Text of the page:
B-173783.116, APR 1, 1975

B-173783.116: Apr 1, 1975

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MAY NOT RECEIVE PREMIUM PAY FOR STANDBY DUTY PERFORMED AT HIS HOME OR WITHIN 25 MILES OF HIS HOME BECAUSE NEITHER HIS WHEREABOUTS NOR HIS ACTIVITIES WERE SO NARROWLY OR SUBSTANTIALLY RESTRICTED AS TO BRING HIM WITHIN THE MEANING OF 5 U.S.C. SCHONBERGER - OVERTIME PAY FOR STANDBY DUTY AT HOME OR WITHIN APPROXIMATELY 25 MILES OF HOME: THIS DECISION IS ISSUED IN RESPONSE TO A REQUEST FOR A RECONSIDERATION OF THE ACTION TAKEN ON DECEMBER 16. THE CLAIMANT WAS ASSIGNED. ON THE DATES THAT THE CLAIMANT WAS ASSIGNED TO "GO TEAM" DUTY. HE WAS REQUIRED TO MAINTAIN A 2- HOUR RESPONSE TIME BETWEEN NOTIFICATION OF ACCIDENTS AND DISPATCH OF THE "GO TEAM.". ALL NTSB "GO TEAM" MEMBERS ARE PROVIDED WITH "BELL BOY" TYPE SUMMONING DEVICES.

B-173783.116, APR 1, 1975

CLAIMANT, AN AIR SAFETY INVESTIGATOR EMPLOYED BY NATIONAL TRANSPORTATION SAFETY BOARD, MAY NOT RECEIVE PREMIUM PAY FOR STANDBY DUTY PERFORMED AT HIS HOME OR WITHIN 25 MILES OF HIS HOME BECAUSE NEITHER HIS WHEREABOUTS NOR HIS ACTIVITIES WERE SO NARROWLY OR SUBSTANTIALLY RESTRICTED AS TO BRING HIM WITHIN THE MEANING OF 5 U.S.C. SEC. 5545(C)(1), AS IMPLEMENTED BY 5 C.F.R. SEC. 550.141.

CLAUDE M. SCHONBERGER - OVERTIME PAY FOR STANDBY DUTY AT HOME OR WITHIN APPROXIMATELY 25 MILES OF HOME:

THIS DECISION IS ISSUED IN RESPONSE TO A REQUEST FOR A RECONSIDERATION OF THE ACTION TAKEN ON DECEMBER 16, 1974, BY OUR TRANSPORTATION AND CLAIMS DIVISION DISALLOWING THE CLAIM OF MR. CLAUDE M. SCHONBERGER FOR PREMIUM PAY FOR STANDBY DUTY COVERING THE PERIOD FROM MARCH 1, 1974, THROUGH AUGUST 31, 1974, AS AN AIR SAFETY INVESTIGATOR EMPLOYED BY THE DEPARTMENT OF TRANSPORTATION, NATIONAL TRANSPORTATION SAFETY BOARD (NTSB), AND ASSIGNED TO ITS "GO TEAM" FOR INVESTIGATION OF CATASTROPHIC AVIATION ACCIDENTS.

THE RECORD REVEALS THAT DURING THE PERIOD INVOLVED, THE CLAIMANT WAS ASSIGNED, ON A WEEKLY BASIS, TO A "GO TEAM" MAINTAINED BY THE NTSB TO ASSURE THAT ITS INVESTIGATORS WOULD BE PREPARED TO LEAVE FOR THE SCENE OF TRANSPORTATION ACCIDENTS UPON SHORT NOTICE. ON THE DATES THAT THE CLAIMANT WAS ASSIGNED TO "GO TEAM" DUTY, HE WAS REQUIRED TO MAINTAIN A 2- HOUR RESPONSE TIME BETWEEN NOTIFICATION OF ACCIDENTS AND DISPATCH OF THE "GO TEAM." THIS 2-HOUR RESPONSE TIME REQUIRES THAT THE "GO TEAM" MEMBERS EITHER REMAIN IN THEIR LIVING QUARTERS WHILE ON STANDBY DUTY OR GIVE PROPER OFFICIALS SOME METHOD OF CONTACTING THEM QUICKLY ENOUGH THAT THEY CAN MEET THE 2-HOUR DEADLINE. ALL NTSB "GO TEAM" MEMBERS ARE PROVIDED WITH "BELL BOY" TYPE SUMMONING DEVICES, WHICH THEY MAY USE AT THEIR OPTION. WHEN ACCIDENTS OCCUR, THESE DEVICES SIGNAL THE "GO TEAM" MEMBERS, WHO ARE THEN REQUIRED TO CONTACT THE NTSB CONTROL CENTER. THESE DEVICES HAVE EFFECTIVE RANGES OF UP TO 25 MILES.

IN REQUESTING REVIEW OF THE DISALLOWANCE, THE CLAIMANT CONTENDS IN EFFECT THAT HIS STANDBY DUTY SHOULD BE CONSIDERED HOURS OF WORK IN VIEW OF THE RESTRICTIONS PLACED ON "GO TEAM" MEMBERS. IN 1944, THE SUPREME COURT DISCUSSED THE QUESTION OF WHETHER AN EMPLOYEE'S OFF-DUTY HOURS ARE SPENT PREDOMINANTLY FOR HIS OWN BENEFIT, IN WHICH CASE THEY ARE NOT COMPENSABLE, OR PREDOMINANTLY FOR THE BENEFIT OF HIS EMPLOYER, IN WHICH CASE THEY ARE COMPENSABLE. IN INTERPRETING THE FAIR LABOR STANDARDS ACT IN ARMOUR AND CO. V. WANTOCK, 323 U.S. 126 (1944), THE COURT STATED:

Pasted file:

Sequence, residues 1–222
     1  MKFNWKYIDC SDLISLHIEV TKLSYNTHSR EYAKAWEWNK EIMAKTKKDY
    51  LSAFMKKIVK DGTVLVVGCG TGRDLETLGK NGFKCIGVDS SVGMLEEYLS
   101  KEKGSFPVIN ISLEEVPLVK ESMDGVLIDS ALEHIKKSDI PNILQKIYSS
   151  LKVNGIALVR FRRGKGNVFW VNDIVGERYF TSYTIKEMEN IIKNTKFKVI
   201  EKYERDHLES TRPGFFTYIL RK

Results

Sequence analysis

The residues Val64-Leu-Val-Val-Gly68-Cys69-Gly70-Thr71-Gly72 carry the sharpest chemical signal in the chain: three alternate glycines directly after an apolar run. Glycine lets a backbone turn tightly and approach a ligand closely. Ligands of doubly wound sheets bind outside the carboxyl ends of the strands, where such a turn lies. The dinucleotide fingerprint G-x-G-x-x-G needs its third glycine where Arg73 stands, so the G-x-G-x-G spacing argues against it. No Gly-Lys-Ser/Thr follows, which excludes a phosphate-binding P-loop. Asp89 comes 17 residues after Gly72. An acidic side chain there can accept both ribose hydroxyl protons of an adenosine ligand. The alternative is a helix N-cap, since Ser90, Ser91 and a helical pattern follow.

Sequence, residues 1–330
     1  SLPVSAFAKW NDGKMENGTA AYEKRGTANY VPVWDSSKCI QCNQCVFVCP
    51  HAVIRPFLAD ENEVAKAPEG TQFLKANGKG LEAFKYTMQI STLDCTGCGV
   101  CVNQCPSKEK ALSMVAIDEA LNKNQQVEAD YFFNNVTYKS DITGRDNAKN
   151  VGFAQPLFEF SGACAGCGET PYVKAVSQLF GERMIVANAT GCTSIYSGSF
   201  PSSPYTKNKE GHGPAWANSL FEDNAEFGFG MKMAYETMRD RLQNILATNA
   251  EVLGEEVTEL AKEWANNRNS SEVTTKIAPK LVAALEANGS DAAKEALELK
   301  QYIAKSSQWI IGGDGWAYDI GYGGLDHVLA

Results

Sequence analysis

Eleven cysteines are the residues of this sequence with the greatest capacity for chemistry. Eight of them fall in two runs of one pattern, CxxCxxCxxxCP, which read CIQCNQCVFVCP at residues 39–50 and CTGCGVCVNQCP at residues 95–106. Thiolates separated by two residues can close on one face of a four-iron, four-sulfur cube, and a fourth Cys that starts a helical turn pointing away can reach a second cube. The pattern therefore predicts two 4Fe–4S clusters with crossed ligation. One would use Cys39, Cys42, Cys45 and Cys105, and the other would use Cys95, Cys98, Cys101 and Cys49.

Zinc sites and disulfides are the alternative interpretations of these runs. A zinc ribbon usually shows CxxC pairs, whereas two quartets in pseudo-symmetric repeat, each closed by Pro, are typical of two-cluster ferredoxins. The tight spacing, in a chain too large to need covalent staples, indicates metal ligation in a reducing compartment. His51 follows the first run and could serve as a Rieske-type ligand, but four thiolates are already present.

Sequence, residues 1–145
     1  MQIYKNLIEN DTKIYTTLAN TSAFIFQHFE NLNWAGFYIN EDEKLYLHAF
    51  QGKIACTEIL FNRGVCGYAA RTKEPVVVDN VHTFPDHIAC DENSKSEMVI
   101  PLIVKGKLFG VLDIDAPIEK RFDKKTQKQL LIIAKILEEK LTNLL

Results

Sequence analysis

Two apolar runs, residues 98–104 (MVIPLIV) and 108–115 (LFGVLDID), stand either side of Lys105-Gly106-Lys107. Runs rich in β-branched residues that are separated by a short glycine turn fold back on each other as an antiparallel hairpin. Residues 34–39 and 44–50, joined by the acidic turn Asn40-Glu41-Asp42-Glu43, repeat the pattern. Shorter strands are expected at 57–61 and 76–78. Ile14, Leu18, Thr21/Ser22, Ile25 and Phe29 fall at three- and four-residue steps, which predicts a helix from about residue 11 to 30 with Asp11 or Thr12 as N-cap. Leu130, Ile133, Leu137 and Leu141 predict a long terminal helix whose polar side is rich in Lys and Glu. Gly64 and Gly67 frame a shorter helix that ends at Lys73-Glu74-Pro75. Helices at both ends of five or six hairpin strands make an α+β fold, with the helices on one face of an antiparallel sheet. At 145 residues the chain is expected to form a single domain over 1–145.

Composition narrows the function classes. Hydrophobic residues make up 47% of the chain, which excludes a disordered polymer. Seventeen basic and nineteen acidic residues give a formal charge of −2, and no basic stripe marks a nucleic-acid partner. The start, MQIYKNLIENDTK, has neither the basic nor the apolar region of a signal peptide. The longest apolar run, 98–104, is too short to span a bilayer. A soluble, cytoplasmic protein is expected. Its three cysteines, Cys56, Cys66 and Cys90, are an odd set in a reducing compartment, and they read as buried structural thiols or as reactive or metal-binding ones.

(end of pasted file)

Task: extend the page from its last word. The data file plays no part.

"OF COURSE AN EMPLOYER, IF HE CHOOSES, MAY HIRE A MAN TO DO NOTHING, OR TO DO NOTHING BUT WAIT FOR SOMETHING TO HAPPEN. REFRAINING FROM OTHER ACTIVITY OFTEN IS A FACTOR OF INSTANT READINESS TO SERVE, AND IDLENESS PLAYS A PART IN ALL EMPLOYMENTS IN A STAND-BY CAPACITY. READINESS TO SERVE MAY BE HIRED, QUITE AS MUCH AS SERVICE ITSELF, AND TIME SPENT LYING IN WAIT FOR THREATS TO THE SAFETY OF THE EMPLOYER'S PROPERTY MAY BE TREATED BY THE PARTIES AS A BENEFIT TO THE EMPLOYER. WHETHER TIME IS SPENT PREDOMINANTLY FOR THE EMPLOYER'S BENEFIT OR FOR THE EMPLOYEE'S IS A QUESTION DEPENDENT UPON ALL THE CIRCUMSTANCES OF THE CASE."

BY SUBSEQUENTLY ENACTED STATUTE, SPECIFICALLY THE FEDERAL EMPLOYEES PAY ACT OF 1945, AS AMENDED, NOW CODIFIED AT 5 U.S.C. SECS. 5542 AND 5545, CONGRESS IN EFFECT DEFINED THE SITUATION IN WHICH AN EMPLOYEE WHO IS REQUIRED TO REMAIN AT HIS DUTY STATION ON STANDBY DUTY MAY RECEIVE PREMIUM PAY. 5 U.S.C. SEC. 5545(C)(1) PROVIDES IN PART AS FOLLOWS:

"(C) THE HEAD OF AN AGENCY, WITH THE APPROVAL OF THE CIVIL SERVICE COMMISSION, MAY PROVIDE THAT -

"(1) AN EMPLOYEE IN A POSITION REQUIRING HIM REGULARLY TO REMAIN AT, OR WITHIN THE CONFINES OF HIS STATION DURING LONGER THAN ORDINARY PERIODS OF DUTY, A SUBSTANTIAL PART OF WHICH CONSISTS OF REMAINING IN A STANDBY STATUS RATHER THAN PERFORMING WORK, SHALL RECEIVE PREMIUM PAY FOR THIS DUTY ON AN ANNUAL BASIS INSTEAD OF PREMIUM PAY PROVIDED BY OTHER PROVISIONS OF THIS SUBCHAPTER, EXCEPT FOR IRREGULAR, UNSCHEDULED OVERTIME DUTY IN EXCESS OF HIS REGULARLY SCHEDULED WEEKLY TOUR. ***"

IN DEFINING THE PHRASE "AT, OR WITHIN THE CONFINES OF, HIS STATION" USED IN 5 U.S.C. SEC. 5545(C)(1), SUBSECTION 550.143(B) OF TITLE 5 OF THE CODE OF FEDERAL REGULATIONS PROVIDES:

"(B) THE WORDS 'AT, OR WITHIN THE CONFINES OF, HIS STATION', IN SEC. 550.141 MEAN ONE OF THE FOLLOWING:

"(1) AT AN EMPLOYEE'S REGULAR DUTY STATION.